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Wenceslao

December 28, 2011

My family story begins like that of a many Shakespearean drama or Roman trilogy. It is filled with tales of love, romance, greed and deception. Cousins marrying cousins (though not knowing they were cousins), revenge, mayhem, compelling decisions and repercussions. It also involves death, though unlike love, death is always inevitable.
The story begins with my great-great-grandmother Carmen. Well I’ll begin the story with Carmen.
It was in Cadereyta, Mexico. The year is unknown. Carmen leaves her 3 children with her sister to head for greener pastures in America (i.e. marry another man).
These were times when people made difficult choices and had names of substance. Names with weight. And names of Spanish Saints.

Carmen marries Espinoza, a man of unknown origin. Carmen went on to have 3 more children with Espinoza: Carmela, Lupe and Trina. Incidentally none of these sound like Spanish Saints. These would be the half-siblings of my great-grandmother Lucita.

Christmas eve night, I sat with my mother in my kitchen and she told me this fascinating story of her mother’s family. In between bites of Posole, I took notes on a page of the New York Times. I might add my mother cooked the Posole. I might also add that this was her first ever (yes, really) time making Posole and that the Posole consisted of ground turkey and not pork. At this point you might be asking your self what kind of Mexican are you? And what kind of Mexican is your mother?

“Spanish and Indian produce: Mestizo

We are Mexican, yes. As the saying goes: “Our fathers were the Spaniards, but our grandfathers were the Arabs”. We might also have some German in us, maybe some French, we definitely have Spanish blood.
In a land before time, there was a woman they call La Malinche. Depending on who you ask she was either a heroine, a traitor and possibly the mother of the “first Mexican”.

I’m not quite sure why my Mother never got around to making Posole until this year. It’s not as though she didn’t grow up eating it. According to she, my great-grandmother Lucita (Luz) was the one who made it every year for Christmas. And here is my Mom, finally making it for the first time and using ground turkey instead of the traditional pork. Posole is a bit like the Mestizo of Mexican food. Rooted in indigenous background (corn and chili) but swimming with Spanish and European flavors (pork and spices). My mother’s version turned out to be very, very good. I was impressed. Very. I couldn’t help think of Lucita and her estranged mother Carmen and what they’d think of this “healthy” modern-day version of Posole.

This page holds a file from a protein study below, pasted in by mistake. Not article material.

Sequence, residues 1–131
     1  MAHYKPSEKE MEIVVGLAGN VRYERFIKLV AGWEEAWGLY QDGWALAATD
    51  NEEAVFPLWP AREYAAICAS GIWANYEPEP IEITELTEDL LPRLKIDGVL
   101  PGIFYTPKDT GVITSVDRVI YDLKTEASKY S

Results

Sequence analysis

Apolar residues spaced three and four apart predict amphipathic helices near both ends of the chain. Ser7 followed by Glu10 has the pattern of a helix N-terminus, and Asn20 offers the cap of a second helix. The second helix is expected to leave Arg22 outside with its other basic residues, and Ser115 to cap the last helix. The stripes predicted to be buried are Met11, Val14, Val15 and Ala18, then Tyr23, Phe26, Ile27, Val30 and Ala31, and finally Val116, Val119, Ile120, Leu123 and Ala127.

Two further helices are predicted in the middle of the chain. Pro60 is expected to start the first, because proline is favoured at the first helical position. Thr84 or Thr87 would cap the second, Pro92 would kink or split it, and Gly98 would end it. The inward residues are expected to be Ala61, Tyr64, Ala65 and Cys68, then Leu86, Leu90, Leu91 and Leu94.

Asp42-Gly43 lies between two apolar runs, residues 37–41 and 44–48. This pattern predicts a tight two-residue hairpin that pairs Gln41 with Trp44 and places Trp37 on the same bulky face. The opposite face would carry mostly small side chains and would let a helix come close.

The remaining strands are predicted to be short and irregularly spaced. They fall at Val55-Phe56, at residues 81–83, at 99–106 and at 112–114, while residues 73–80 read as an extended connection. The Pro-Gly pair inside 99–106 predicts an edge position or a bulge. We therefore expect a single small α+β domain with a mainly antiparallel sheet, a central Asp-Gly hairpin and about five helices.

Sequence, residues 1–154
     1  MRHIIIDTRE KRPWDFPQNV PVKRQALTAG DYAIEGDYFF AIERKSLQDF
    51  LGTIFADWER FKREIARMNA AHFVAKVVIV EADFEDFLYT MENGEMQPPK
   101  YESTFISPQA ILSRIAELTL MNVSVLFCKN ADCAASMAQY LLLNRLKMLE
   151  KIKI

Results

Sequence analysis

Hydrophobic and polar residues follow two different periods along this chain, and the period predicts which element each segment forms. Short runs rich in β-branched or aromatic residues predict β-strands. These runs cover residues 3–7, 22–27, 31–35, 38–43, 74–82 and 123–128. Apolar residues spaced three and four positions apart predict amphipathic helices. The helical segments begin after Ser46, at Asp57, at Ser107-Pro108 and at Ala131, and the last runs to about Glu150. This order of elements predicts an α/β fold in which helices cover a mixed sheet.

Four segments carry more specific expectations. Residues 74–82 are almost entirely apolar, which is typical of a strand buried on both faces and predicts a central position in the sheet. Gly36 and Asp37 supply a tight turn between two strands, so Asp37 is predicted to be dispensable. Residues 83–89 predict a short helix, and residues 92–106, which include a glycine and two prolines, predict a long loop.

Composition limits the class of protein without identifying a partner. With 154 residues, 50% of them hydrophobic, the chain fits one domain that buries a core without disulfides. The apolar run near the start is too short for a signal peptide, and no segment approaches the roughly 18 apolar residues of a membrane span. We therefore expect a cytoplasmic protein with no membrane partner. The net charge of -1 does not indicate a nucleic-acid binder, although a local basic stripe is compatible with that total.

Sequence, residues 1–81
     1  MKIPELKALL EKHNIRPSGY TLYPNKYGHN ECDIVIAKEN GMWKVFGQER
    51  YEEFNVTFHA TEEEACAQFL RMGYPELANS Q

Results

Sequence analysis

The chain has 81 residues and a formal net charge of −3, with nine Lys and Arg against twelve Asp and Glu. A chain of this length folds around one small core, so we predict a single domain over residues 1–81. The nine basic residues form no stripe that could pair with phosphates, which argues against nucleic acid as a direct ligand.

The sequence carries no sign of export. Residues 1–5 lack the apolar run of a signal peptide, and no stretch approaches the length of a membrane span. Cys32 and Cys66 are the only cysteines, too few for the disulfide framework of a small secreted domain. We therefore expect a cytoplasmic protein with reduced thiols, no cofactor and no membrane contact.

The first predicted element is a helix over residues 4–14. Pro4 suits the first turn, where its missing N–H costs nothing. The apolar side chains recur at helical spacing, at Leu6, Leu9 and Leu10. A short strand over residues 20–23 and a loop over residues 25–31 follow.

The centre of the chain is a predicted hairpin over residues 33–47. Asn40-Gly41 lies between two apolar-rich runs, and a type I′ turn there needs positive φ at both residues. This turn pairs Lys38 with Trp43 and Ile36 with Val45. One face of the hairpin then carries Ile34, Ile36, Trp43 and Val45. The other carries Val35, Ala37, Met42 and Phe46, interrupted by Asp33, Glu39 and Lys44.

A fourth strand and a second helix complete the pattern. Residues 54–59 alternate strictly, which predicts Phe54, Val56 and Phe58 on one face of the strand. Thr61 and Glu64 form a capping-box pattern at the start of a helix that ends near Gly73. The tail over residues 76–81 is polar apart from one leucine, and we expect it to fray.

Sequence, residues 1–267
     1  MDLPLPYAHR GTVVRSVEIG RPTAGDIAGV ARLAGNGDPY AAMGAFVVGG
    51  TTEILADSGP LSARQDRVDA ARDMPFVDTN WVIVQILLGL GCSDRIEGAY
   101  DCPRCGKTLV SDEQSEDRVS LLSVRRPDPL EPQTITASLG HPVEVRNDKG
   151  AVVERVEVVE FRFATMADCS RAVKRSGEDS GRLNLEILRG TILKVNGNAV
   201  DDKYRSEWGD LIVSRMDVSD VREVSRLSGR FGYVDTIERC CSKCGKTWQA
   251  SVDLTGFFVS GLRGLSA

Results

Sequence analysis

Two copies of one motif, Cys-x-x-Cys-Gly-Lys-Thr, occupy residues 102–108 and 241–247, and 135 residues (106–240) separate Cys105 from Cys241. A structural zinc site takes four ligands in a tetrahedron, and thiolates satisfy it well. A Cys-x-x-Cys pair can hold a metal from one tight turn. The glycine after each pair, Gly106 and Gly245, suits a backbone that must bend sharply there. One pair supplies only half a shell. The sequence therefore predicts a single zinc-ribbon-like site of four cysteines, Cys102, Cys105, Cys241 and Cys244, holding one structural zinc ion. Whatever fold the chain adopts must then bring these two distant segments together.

I thought of Carmen and the new family she began with Espinoza. One of their daughters Carmela, went on to marry a man called Wenceslao. When my mother told me this I couldn’t help repeating, who? what? And what kind of Spanish name is that? Naturally I was compelled to investigate such a name: Wenceslao.

Wenceslao is derived from Vaclav, which is Slavic in background.

My great-grandmother’s half-sister Carmela went on to produce 8 children with Wenceslao. They also had original names like: Carmelita, Waterio, Wilfredo (Wifi), Christela, Colida, Christiana, Clemen, and Wenceslao Jr. And there you were thinking every Mexican was name Jose or Maria. Not to worry, I have a few of those in my family as well.

Christmas morning I woke up craving Mom’s “steamed apples” (applesauce), sweet German sausage and potato latkes, which I made using sweet potatoes. I don’t know why I wanted any of it. I had the sausage, I was thinking of latkes and there was the applesauce from the previous night. It all sounded good together. We drank strong coffee, mine splashed with egg nog. A few hours later we gathered back in the kitchen for more tamales and left-over Posole.

I’m intrigued (as you know) by the history of food. Food, like life, can bring us great pleasure and great pain. It promotes intrigue, mystery and can be thought-provoking. Food can define us, bring us together and warm us to the core. I hope to one day visit Cadereyta.

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